“If you have ever been in a life-or-death emergency situation, you will know it wasn’t a problem. The mind didn’t have time to fool around and make it a problem. In a true emergency, the mind stops; you become totally present in the Now, and something infinitely more powerful takes over.”
Eckhart Tolle in THE POWER OF NOW
I looked above my head to see why my fall to earth wasn’t being slowed. Above me was a malfunctioned parachute in what had been described to me in class as a “Mae West” where one of the lines had draped itself over the fabric keeping it from opening properly.
I glanced down to the ground to estimate my distance from earth and the amount of time I had left in my life, then gazed back up to the parachute to see if the malfunction had cleared itself yet, as instructed in class. The cord continued to choke off the fabric. I repeated the exercise once more, confirmed that indeed the malfunction was not clearing. I then reached down to my back-up chute attached to my front and with one hand pulled the cord that would free it, while clutching the ball of fabric that was my last chance for survival. I would need to throw the secondary chute away from me to minimize the chance of it becoming fouled in the “Mae West.” I glanced up one last time and watched as the line slipped from around the fabric, freeing it to open like a real parachute. I breathed for the first time since leaving the airplane.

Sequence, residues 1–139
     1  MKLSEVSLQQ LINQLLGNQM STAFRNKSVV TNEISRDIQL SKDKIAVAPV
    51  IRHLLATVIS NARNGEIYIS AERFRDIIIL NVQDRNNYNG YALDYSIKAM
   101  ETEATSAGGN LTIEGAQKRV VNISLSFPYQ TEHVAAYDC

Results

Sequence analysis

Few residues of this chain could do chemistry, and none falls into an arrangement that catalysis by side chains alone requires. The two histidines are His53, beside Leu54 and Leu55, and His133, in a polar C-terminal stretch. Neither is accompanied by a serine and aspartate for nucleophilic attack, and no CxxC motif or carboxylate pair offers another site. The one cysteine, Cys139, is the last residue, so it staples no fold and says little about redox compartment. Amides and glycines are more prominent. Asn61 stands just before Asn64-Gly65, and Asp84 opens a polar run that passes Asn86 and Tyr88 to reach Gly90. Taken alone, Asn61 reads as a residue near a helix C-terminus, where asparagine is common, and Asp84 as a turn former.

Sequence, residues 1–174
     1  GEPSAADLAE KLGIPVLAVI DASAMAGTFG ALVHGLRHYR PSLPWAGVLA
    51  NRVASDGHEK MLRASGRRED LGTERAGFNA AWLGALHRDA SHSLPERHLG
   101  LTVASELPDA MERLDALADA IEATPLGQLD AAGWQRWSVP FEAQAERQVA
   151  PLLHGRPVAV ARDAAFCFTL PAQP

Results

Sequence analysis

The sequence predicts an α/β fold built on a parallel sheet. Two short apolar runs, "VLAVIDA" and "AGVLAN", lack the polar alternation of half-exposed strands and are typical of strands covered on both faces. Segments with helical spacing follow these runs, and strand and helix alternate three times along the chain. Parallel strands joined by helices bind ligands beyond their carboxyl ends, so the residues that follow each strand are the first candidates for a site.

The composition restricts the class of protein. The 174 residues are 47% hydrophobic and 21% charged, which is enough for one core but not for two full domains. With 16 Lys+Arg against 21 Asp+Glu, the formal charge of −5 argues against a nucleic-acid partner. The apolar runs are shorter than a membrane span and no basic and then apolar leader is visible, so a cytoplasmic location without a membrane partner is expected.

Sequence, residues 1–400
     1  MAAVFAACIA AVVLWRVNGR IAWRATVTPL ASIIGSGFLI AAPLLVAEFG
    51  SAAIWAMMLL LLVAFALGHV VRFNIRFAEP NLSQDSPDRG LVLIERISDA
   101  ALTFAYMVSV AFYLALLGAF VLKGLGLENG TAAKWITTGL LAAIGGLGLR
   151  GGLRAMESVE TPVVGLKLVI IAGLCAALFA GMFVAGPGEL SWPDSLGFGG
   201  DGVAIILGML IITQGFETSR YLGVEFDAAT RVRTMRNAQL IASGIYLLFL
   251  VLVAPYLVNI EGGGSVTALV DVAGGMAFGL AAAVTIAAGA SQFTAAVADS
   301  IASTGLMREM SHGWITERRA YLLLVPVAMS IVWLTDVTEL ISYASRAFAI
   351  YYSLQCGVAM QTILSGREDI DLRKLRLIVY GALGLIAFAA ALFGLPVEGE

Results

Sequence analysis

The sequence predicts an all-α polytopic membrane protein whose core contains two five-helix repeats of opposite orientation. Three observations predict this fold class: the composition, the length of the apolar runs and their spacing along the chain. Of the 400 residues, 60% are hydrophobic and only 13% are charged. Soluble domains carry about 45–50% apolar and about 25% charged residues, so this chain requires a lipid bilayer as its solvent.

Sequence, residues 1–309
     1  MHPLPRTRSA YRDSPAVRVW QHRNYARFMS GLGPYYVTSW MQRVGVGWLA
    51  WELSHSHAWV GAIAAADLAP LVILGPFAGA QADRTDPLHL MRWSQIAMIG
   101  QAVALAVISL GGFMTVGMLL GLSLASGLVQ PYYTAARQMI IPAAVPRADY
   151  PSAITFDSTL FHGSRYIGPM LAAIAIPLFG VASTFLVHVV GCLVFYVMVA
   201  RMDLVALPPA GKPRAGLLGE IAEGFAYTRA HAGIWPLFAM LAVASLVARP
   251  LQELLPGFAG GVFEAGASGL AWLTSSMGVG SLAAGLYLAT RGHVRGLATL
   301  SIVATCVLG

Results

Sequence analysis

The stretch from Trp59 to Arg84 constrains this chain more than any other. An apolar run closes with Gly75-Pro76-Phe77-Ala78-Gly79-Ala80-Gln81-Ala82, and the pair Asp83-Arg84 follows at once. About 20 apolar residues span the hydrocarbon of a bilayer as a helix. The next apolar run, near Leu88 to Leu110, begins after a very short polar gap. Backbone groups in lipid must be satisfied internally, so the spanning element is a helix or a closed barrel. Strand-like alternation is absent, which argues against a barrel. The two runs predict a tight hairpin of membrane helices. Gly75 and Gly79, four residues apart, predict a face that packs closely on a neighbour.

My one episode of a malfunctioning parachute happened over 20 years ago, but it confirmed to me what Tolle wrote about our mischievous mind. My mind didn’t have time to create the malfunction as a problem. It was simply a life situation that needed to be dealt with as effectively as possible. Luckily, I had had a very competent instructor, my older brother Dale. It wasn’t until I was walking back to the hanger that my knees began to buckle. “I could have been killed,” I heard my mind tell me. Then and only then had the malfunction appeared to me as a problem.
We can use our mind as either an artist tool with which to help create a masterpiece of our life or as a lethal weapon we use to kill off life, ours and others. A key first step to using the mind as an artist tool rather than a lethal weapon is to disassociate ourselves from our mind; to recognize that we have a mind but we aren’t our mind or the thoughts that it generates. From that position we can then choose which thoughts to hold onto and which thoughts to observe and let go of.
Using the tools and techniques of the Life On Purpose Process for the past 10 years has helped me get pretty good at making the ‘right’ choice by choosing to hold onto and empower thoughts that are consistent with my life purpose, and to release thoughts stemming from the fear, lack, struggling that make it based on Inherited Purpose.
How about you? Are you allowing your mind to create life draining problems or beautiful life enhancing possibilities?
©2005 Brad Swift of Life On Purpose Institute, Inc.
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